Talking about Alchemy, what does all of this mean? I don’t know. Perhaps it is a natural phenomenon that events on a cosmic level coincide with events on earth and perhaps these processes become clear in the ritual process as described by Victor Turner. Certain is that a lot of things are happening and they all seem to point in a certain direction. That direction is a transformation on a massive scale. If this transformation will be accidental or caused by events occurring on a cosmic level does not really matter. What we see is that several events, and expectations about it, are falling together.
According to my opinion this world has entered a stage of ambiguity or liminality which brings uncertainty for lots of people living on it. Because of that people are entering a state in which they are open for new ideas and changes. That is what we see at this moment. The idea of sustainability, for example, is becoming very popular. It can however be questioned if combining it with commerce is such a good idea. It still is an example of the way this world can transform. Some people believe everything will turn out well for everybody. They belief a new spiritual consciousness, that will inevitably arise, shall be the cause of that.
Personally I hope these people are right, because a sudden spiritual awareness would certainly take away a lot of the dangers that accompany these periods of liminality and transformation. Looking at how the universe and this world are functioning I am not sure how this period of chaos and transformation will proceed. Will the changes happen gradually or sudden, caused by spiritual awareness or by a disaster that is for example the result of a pole shift, environmental problems like pollution or shortage of water, revolution, war, an economic crisis or something else?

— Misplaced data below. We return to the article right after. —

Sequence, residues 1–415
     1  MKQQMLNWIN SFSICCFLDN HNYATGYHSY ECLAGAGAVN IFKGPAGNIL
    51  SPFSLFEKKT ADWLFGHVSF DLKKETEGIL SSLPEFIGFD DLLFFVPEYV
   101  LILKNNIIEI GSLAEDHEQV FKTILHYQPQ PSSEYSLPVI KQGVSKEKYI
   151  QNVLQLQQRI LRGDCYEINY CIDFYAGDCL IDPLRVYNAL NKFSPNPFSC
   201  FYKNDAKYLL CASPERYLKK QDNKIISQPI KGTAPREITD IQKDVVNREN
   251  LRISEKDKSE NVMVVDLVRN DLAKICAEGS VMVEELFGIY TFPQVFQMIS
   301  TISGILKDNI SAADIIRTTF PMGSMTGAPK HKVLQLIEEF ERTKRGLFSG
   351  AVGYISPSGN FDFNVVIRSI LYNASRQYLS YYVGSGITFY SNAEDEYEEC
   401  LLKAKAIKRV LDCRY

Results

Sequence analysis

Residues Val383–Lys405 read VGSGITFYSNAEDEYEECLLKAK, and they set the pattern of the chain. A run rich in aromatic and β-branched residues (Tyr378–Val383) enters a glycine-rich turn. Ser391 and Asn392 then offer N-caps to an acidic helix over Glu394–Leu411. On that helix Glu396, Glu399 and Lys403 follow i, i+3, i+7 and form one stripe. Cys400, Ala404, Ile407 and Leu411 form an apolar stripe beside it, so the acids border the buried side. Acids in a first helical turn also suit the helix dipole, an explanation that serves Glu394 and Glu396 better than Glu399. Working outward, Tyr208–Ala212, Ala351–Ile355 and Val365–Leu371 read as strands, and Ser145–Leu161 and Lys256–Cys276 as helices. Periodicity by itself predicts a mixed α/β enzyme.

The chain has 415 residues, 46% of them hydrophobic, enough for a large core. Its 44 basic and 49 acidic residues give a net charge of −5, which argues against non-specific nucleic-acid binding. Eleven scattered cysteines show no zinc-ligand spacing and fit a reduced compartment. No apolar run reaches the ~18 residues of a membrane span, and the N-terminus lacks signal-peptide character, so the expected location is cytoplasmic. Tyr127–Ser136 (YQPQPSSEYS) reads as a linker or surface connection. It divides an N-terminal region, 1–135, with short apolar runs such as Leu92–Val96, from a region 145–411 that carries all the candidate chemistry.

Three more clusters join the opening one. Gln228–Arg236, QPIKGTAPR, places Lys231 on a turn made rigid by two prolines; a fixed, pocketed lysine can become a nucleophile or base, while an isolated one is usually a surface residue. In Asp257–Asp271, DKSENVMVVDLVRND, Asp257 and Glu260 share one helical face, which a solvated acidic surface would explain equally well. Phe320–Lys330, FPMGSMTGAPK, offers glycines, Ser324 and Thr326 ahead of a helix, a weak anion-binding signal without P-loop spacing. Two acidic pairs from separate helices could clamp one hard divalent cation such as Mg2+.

Whatever happens, choices will have to be made. Concerning that I have put my hope on the human free will which, as I feel, will play an essential role. Does humanity eventually choose for power and more destruction or for a way of life that is more consistent with the way nature works and especially, the pace at which nature is developing? I myself wish for prosperity without growth and a system which has human happiness as a starting point. Sustainability plays an important role in that. The number of people however that are supporting these ideas is still very few at the moment. Perhaps these numbers will grow because of all the events happening nowadays, as well in the cosmos as well as on this earth. As above, so below.
Herman de Roos
herman.deroos at planet.nl
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1 – Santiago Niño-Becerra, De crash van 2010 en de ondergang van het kapitalisme. (Nijmegen, 2010) p. 21 – 22
2 – http://hans.wyrdweb.eu/about-the-old-world-order/ dd. 3 April 2011
3 – John Major Jenkins, Het einde van de Mayakalender 2012. Decodering van de Mayakosmogenesis. (Deventer, 2005) p. 397 – 402
4 – Jenkins, Het einde van de Mayakalender 2012. p. 399
5 – Arnold van Gennep, The rites of passage. (University of Chicago press, 1960) p. xxi
6 – Gennep, The rites of passage. p. 11
7 – Victor W. Turner, The Ritual Process. Structure and Anti-Structure. (Aldine Publishing Company USA, 1969) p. 94
8 – Turner, The Ritual Process. p. 94 – 95
9 – Ibidem, p. 95
10 – Ibidem, p. 109
11 – Ibidem, p. 107
12 – Ronald L. Grimes, Deeply into the bone. Re-inventing rites of passage. (University of California Press, 2000) p. 121
13 Fiona Bowie, The antropology of religion. (Blackwell publishing, 2000) p. 38